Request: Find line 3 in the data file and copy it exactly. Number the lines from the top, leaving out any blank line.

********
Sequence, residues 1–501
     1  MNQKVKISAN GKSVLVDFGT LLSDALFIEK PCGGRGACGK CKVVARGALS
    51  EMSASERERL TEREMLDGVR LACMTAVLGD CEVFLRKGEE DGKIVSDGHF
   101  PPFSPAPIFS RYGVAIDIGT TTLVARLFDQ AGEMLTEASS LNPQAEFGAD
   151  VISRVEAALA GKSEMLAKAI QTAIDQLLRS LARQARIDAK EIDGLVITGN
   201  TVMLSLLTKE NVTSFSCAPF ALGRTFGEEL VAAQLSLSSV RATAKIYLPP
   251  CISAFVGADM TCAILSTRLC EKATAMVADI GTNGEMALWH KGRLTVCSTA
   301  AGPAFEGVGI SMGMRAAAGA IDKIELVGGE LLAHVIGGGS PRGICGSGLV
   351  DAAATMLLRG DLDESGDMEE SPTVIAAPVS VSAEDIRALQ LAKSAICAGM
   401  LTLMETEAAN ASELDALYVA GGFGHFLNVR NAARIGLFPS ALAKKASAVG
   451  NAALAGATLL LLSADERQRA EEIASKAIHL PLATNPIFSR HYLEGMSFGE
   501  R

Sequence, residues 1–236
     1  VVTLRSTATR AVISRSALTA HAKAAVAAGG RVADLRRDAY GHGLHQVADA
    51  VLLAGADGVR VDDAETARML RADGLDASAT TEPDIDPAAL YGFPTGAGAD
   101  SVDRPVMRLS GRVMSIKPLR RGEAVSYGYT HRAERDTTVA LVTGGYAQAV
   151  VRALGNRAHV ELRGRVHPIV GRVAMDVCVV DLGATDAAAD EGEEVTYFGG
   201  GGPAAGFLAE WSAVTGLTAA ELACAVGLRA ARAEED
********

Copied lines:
    51  EMSASERERL TEREMLDGVR LACMTAVLGD CEVFLRKGEE DGKIVSDGHF